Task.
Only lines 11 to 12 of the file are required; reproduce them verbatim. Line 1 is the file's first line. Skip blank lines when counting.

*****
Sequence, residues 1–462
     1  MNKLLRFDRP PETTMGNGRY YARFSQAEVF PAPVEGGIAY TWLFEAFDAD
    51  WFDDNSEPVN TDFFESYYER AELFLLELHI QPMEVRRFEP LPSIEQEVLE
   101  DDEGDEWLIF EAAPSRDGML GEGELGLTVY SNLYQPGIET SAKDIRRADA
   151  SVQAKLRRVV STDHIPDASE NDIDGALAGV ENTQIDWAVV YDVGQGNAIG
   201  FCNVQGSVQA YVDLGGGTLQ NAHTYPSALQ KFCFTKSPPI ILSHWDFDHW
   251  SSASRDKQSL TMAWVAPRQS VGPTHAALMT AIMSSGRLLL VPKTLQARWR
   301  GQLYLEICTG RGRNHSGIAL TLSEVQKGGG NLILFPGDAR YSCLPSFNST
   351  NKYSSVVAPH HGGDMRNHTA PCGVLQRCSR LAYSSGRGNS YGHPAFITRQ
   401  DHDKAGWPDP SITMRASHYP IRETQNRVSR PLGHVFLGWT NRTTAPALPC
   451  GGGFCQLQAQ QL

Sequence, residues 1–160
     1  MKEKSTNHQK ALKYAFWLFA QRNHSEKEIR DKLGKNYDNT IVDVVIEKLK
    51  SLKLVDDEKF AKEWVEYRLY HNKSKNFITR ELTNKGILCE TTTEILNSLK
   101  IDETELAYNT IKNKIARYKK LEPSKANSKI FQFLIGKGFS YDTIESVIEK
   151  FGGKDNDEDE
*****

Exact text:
   451  GGGFCQLQAQ QL

Sequence, residues 1–160